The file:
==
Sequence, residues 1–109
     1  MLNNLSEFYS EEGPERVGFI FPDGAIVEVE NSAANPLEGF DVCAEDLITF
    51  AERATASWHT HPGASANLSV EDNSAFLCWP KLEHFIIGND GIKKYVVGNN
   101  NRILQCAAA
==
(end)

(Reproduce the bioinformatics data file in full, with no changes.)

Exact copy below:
Sequence, residues 1–109
     1  MLNNLSEFYS EEGPERVGFI FPDGAIVEVE NSAANPLEGF DVCAEDLITF
    51  AERATASWHT HPGASANLSV EDNSAFLCWP KLEHFIIGND GIKKYVVGNN
   101  NRILQCAAA